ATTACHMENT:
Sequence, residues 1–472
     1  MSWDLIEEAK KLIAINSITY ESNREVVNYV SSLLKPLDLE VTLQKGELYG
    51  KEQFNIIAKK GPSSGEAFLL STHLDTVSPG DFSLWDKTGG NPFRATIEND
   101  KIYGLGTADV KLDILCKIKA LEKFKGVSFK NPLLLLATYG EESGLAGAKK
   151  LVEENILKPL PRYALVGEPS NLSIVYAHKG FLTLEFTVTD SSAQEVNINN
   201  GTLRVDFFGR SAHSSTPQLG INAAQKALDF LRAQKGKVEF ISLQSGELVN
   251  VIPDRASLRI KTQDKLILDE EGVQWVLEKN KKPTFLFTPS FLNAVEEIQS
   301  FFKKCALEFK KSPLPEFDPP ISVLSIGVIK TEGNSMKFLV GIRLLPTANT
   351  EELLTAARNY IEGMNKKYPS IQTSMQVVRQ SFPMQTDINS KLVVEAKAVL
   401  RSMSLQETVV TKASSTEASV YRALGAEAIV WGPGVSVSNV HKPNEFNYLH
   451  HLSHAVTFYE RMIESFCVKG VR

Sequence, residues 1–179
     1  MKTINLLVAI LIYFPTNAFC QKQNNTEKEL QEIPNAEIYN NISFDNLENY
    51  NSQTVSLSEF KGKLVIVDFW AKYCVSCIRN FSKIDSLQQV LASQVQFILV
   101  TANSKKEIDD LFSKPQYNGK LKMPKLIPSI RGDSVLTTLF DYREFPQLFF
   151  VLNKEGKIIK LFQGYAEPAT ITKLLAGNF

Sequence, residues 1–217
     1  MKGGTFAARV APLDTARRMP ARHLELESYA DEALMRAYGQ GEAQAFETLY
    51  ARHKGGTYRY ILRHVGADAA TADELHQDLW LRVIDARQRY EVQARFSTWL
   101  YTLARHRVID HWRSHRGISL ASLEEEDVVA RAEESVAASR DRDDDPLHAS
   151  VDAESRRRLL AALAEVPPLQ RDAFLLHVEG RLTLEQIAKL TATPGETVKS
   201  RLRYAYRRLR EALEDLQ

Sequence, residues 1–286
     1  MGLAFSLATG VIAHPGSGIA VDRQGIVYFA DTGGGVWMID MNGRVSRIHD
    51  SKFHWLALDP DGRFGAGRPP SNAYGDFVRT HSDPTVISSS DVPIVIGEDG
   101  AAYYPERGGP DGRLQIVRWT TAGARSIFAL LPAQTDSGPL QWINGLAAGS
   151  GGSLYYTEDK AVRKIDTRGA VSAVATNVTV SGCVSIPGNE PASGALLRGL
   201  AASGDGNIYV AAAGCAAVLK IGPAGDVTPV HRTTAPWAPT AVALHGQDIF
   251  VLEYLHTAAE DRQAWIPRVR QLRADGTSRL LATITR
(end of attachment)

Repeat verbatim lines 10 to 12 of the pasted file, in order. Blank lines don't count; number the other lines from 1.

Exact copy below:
   401  RSMSLQETVV TKASSTEASV YRALGAEAIV WGPGVSVSNV HKPNEFNYLH
   451  HLSHAVTFYE RMIESFCVKG VR

Sequence, residues 1–179